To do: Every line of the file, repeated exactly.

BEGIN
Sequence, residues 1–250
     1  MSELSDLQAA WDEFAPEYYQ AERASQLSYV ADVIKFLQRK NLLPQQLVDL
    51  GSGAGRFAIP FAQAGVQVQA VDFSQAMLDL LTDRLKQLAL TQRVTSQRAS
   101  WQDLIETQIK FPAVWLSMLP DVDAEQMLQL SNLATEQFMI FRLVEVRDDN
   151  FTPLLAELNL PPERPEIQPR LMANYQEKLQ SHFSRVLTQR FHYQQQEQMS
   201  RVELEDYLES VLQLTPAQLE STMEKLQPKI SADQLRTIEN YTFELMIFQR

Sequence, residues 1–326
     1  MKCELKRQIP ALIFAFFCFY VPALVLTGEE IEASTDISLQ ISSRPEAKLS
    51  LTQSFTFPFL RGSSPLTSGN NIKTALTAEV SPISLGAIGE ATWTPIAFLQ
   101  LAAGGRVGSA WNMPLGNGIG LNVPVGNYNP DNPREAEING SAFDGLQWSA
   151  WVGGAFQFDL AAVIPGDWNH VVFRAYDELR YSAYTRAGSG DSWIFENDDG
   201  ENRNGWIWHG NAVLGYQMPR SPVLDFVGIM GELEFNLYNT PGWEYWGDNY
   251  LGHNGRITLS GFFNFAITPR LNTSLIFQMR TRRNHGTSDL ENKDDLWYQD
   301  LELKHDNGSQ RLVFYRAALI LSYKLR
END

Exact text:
Sequence, residues 1–250
     1  MSELSDLQAA WDEFAPEYYQ AERASQLSYV ADVIKFLQRK NLLPQQLVDL
    51  GSGAGRFAIP FAQAGVQVQA VDFSQAMLDL LTDRLKQLAL TQRVTSQRAS
   101  WQDLIETQIK FPAVWLSMLP DVDAEQMLQL SNLATEQFMI FRLVEVRDDN
   151  FTPLLAELNL PPERPEIQPR LMANYQEKLQ SHFSRVLTQR FHYQQQEQMS
   201  RVELEDYLES VLQLTPAQLE STMEKLQPKI SADQLRTIEN YTFELMIFQR

Sequence, residues 1–326
     1  MKCELKRQIP ALIFAFFCFY VPALVLTGEE IEASTDISLQ ISSRPEAKLS
    51  LTQSFTFPFL RGSSPLTSGN NIKTALTAEV SPISLGAIGE ATWTPIAFLQ
   101  LAAGGRVGSA WNMPLGNGIG LNVPVGNYNP DNPREAEING SAFDGLQWSA
   151  WVGGAFQFDL AAVIPGDWNH VVFRAYDELR YSAYTRAGSG DSWIFENDDG
   201  ENRNGWIWHG NAVLGYQMPR SPVLDFVGIM GELEFNLYNT PGWEYWGDNY
   251  LGHNGRITLS GFFNFAITPR LNTSLIFQMR TRRNHGTSDL ENKDDLWYQD
   301  LELKHDNGSQ RLVFYRAALI LSYKLR